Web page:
One weird thing is that the back starts aching long before the belly protrudes, but it gets even worse in the third trimester. It's mostly lower back pain that can be relieved with a good support garment. The hormones of pregnancy can make your pelvis loose which leads to a strange feeling of missing a step. For me, it lasted for a year or so after pregnancy. In extreme cases, the muscles of the belly called the rectus abdominis separate from each other in the mid-line leading to what is called diastasis recti. It requires surgery to repair. It is best to prevent it by exercising, strengthening your lower back and belly muscles, or wearing a support garment. Gaining too much weight is a huge risk factor for developing both stretch marks and diastasis recti.
4. Stomach/Bowel Changes
From the first trimester onward, the gastrointestinal (GI) tract acts up. It starts with nausea and vomiting and ends with hemorrhoids. Although I never vomited, I wanted to. This low-grade nausea lasted until about 16 weeks, but everyone is different. The best way to deal with nausea is either with diet changes (non-greasy, non-spicy, and bland is best) or with 'sea bands' that people use for motion sickness. Make sure they are sized right. They are painful if they are too tight. Excessive vomiting can lead to dehydration, medications, or hospitalization. Some lucky moms-to-be never feel sick. My nausea made me eat more which made my weight an issue. It is crucial to eat appropriately and not gain too much weight. The recommendations vary, but more than 30 pounds is putting you at risk for pregnancy complications and physical problems later. Small, frequent meals are best to prevent wide glucose fluctuations which trigger cravings and binge eating.
And gas and constipation were the worst. Even with drinking loads of water, I still had chronic constipation. And this led to one big, fat, throbbing hemorrhoid! So if this happens to you, get on a stool softener like docusate, STAT.
5. Complexion Changes
I was among the unlucky. My complexion got worse until I reached the third trimester. The acne was everywhere, nothing like I had as a teenager. Hormones are continually rising throughout the majority of the pregnancy, and this causes oil production to increase causing acne. The best remedy is to wash your face (morning and evening) with a warm, soapy cloth, once to remove the outer layer of cells, and then a second time for a deeper cleansing. Do not rub vigorously or use hot water. Pat the area dry and apply an anti-acne cream. It can be all-natural or a benzoyl peroxide lotion. Some women notice an improved complexion which is probably due to genetics or luck. Prenatal vitamins (and HORMONES) may have a role in improved finger nail growth and hair luster.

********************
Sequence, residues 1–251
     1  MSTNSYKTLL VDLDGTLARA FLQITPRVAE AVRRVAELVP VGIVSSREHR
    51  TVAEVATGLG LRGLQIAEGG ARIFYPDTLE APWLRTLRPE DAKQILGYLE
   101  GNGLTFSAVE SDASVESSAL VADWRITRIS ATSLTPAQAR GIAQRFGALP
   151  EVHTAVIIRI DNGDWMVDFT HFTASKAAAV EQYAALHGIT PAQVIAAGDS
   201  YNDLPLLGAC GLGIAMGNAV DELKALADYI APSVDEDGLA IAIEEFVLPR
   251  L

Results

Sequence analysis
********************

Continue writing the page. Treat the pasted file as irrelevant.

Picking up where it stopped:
Stretch marks occur when the collagen and elastin break down due to rapid or excess stretching of the belly. Not everyone gets them. Some stretch marks are red, and some are shiny, but a lighter shade of your skin tone. It is best to prevent stretch marks by not gaining too much weight, but genetics are important, too. There are postpartum therapies like fractional lasers that are non-ablative, meaning it does not harm the outer layers but delivers energy to stimulate elastin growth. It works best on newer and red stretch marks. Stretch marks do fade over time but rarely disappear completely. The best news about pregnancy is that it is a temporary condition and the bodily changes revert to normal over the course of a year after childbirth.
Kim Langdon M.D.
Retired and Rested OB/GYN after 19 years